Filthy rich people are already trying to colonize Mars and Elon Musk isn’t alone: Jeff Bezos of Amazon fame, the World’s Other Richest Man, is also trying to colonize Mars with his own company, Blue Origin.
The world’s most famous space expert, Neil deGrasse Tyson, further emphasizes the importance of space: “the world’s first trillionaire will be the person that exploits the natural resources of space itself.”
What do you think will happen in 10, 20, 50, 100, 200, or 500 years from now? When other billionaires join the fray? When less-than-trust-worthy governments like Russia and China stake claim to the spoils of space?
It doesn’t take a genius to figure out that “Space” is a frontier that will eventually become a battleground. It’s only a matter of time.
Did Donald Trump prematurely create the Space Force to bolster his legacy in the history books? Almost certainly. Does that surprise anyone? It shouldn’t. But Trump getting credit for anything besides deteriorating the fabric of America is too much for many people to handle.
Let’s put it in perspective:
- Space Force declared stupid in 2021
- Elon Musk wants to reach Mars by the year 2027
- Elon Musk wants to inhabit Mars by 2070 by nuking the planet or orbiting huge mirrors around it
- Neil deGrasse Tyson claims the world’s first trillionaire will be the one who exploits space
It begs the question: what is premature about Space Force? And if Space Force is premature, why are the issues confronting liberal environmentalists so urgent?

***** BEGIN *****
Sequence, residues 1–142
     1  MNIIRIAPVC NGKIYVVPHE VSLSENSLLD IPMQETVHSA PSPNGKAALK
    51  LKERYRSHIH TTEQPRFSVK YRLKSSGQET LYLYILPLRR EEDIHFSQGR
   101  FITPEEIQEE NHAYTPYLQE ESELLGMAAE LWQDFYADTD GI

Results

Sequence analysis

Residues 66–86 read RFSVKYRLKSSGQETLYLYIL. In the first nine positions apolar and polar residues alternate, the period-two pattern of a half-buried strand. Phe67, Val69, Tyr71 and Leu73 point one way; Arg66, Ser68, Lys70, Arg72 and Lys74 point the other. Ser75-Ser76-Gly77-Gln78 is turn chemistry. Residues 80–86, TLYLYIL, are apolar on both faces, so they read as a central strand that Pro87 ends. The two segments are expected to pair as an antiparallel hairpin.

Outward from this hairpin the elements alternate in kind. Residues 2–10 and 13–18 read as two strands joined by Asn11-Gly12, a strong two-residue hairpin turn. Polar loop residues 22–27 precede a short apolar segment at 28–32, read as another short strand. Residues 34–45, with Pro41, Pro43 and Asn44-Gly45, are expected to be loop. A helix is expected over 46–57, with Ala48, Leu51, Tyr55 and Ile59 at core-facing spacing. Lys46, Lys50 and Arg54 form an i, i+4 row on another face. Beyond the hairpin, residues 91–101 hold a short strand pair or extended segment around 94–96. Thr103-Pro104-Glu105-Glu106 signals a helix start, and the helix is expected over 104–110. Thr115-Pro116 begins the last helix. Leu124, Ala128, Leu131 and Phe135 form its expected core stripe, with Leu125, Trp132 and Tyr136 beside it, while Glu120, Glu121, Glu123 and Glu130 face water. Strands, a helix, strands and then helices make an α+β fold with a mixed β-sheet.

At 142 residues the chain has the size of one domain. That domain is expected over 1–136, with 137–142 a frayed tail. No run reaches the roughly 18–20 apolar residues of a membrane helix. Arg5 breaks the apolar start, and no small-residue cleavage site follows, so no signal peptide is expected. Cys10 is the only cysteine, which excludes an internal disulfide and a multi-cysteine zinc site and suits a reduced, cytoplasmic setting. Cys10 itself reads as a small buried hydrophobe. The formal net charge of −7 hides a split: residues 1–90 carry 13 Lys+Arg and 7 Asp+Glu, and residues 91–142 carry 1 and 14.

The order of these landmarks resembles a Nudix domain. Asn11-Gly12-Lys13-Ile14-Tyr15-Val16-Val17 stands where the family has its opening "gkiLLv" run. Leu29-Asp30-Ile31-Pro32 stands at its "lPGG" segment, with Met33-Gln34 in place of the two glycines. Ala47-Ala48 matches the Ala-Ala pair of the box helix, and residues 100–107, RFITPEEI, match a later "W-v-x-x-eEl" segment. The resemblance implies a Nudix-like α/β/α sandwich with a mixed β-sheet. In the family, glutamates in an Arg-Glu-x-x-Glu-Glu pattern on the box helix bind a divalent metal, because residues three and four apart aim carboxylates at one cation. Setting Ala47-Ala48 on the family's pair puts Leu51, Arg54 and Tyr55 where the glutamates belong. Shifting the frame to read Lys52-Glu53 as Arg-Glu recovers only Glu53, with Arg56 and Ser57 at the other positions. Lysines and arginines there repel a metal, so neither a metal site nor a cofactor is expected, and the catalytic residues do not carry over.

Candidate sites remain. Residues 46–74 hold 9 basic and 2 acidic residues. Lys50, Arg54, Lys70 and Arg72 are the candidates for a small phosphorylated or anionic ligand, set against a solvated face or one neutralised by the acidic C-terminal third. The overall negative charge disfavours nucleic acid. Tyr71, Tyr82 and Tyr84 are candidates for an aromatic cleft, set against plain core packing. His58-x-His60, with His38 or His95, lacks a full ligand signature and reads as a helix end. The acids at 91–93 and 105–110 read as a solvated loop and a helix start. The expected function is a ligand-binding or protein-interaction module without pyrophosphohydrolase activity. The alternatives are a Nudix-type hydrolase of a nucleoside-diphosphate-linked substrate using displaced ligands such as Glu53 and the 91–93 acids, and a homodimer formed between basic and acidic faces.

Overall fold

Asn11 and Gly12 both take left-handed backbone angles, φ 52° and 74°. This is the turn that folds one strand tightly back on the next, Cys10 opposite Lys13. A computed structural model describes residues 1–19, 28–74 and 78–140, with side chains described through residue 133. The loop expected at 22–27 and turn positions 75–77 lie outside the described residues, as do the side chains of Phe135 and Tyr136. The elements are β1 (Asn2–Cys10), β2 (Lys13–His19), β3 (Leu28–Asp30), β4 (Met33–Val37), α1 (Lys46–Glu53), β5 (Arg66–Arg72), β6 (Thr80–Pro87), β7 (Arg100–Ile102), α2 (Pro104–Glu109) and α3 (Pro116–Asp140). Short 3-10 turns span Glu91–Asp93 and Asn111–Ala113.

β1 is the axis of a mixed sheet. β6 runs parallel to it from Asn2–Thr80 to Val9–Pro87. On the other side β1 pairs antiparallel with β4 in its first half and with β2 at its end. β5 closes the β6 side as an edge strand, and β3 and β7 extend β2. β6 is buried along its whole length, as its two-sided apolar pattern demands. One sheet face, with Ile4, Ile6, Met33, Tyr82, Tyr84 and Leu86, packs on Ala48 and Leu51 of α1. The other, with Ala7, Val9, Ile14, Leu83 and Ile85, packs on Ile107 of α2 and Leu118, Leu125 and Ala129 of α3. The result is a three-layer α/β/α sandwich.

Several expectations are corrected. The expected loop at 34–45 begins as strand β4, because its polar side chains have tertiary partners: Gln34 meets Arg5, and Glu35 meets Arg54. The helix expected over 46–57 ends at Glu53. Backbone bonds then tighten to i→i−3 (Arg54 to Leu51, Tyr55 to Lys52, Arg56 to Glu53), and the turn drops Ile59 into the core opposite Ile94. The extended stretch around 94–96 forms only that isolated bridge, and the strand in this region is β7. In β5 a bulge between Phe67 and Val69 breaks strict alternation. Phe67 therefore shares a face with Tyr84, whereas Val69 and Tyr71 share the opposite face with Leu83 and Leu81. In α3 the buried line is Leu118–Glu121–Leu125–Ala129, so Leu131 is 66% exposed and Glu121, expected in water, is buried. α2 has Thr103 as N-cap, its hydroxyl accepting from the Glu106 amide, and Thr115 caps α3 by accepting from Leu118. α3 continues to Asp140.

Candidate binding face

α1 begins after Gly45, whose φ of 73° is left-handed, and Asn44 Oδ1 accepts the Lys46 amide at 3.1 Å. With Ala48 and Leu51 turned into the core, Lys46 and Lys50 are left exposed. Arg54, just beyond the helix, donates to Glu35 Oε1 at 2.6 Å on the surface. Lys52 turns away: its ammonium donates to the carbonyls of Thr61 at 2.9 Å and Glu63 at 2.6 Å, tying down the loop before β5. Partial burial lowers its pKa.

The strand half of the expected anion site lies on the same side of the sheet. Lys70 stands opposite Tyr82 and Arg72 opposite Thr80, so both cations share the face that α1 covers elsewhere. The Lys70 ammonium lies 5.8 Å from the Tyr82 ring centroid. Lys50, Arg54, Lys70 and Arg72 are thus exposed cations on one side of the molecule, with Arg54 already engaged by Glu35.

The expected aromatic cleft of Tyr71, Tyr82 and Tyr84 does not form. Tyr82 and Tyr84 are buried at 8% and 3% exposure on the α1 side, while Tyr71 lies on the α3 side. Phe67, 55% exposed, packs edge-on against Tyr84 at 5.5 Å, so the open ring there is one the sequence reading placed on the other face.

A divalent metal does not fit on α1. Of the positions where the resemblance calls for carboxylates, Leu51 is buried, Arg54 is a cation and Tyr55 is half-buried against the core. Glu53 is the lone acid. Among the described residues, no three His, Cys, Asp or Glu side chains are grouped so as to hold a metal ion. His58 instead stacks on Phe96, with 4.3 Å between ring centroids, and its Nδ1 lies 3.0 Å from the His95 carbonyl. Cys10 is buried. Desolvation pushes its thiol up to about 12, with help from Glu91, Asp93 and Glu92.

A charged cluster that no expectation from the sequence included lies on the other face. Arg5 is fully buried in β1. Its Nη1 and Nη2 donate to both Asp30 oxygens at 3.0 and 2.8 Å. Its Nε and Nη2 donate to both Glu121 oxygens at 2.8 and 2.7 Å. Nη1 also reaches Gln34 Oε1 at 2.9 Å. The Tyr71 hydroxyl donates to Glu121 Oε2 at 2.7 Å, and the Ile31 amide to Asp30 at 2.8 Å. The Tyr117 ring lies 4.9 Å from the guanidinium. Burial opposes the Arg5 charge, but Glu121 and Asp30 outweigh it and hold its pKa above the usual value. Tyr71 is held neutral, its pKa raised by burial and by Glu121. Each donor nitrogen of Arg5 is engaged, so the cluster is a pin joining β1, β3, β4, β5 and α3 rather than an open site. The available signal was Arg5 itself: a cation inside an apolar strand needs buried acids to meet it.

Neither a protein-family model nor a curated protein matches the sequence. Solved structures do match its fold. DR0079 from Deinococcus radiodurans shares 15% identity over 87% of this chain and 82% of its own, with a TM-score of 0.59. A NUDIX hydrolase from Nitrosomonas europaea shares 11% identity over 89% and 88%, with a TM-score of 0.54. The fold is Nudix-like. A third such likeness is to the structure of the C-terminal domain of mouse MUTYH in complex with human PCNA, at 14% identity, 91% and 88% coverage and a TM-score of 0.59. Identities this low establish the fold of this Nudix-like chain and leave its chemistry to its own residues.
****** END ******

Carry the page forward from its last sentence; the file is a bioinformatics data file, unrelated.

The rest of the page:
It seems that those claiming Space Force is stupid are more concerned with the vanity of others than seeking truth and reality.
Space Force is not unique
It’s a popular misconception that President Trump created Space Force from thin air: the United States has had an active military presence in space since the 1960s under the US Space Command, part of the United States Air Force.
Critics would argue that the US Space Command was perfectly fine operating within the heirarchy of the Air Force. It should be noted that this won’t change: the Space Force falls under the Department of the Air Force the same way that the Marines are their own branch but are within the Department of the Navy.
In the literal grand scheme of things — our solar system, galaxy, and universe — the Space Force makes sense as a brand uniquely positioned to deal with all things extra terrestrial. Those things are a more current and immediate issue than one might think.
Satellites orbiting earth are constantly in harms path from space debris and asteroids. Having “Space Force” protect our satellites is more about commerce than the safety of physical objects: some of today’s most valuable companies are built upon GPS technology that require safety in space (Google Maps, Uber, etc) and it’s not inconceivable that we’ll soon be protecting our satellites from international adversaries (foreign countries, hopefully not aliens) that seek to destabilize America.
Just as environmentalists propose immediate measures to prevent future devastation to our planet, making Space Force responsible for protecting earth from an Armageddon-like asteroid impact seems like a topic worth addressing now, not an afterthought to be assigned to our current Air Force.
Conclusion: Space Force isn’t Stupid…
But Donald Trump is still the worst President in the history of the United States of America, Jen Psaki should be more faithful to the Biden administration’s commitment to end partisan politics, and Space Force is a good idea. Or at least not a bad one.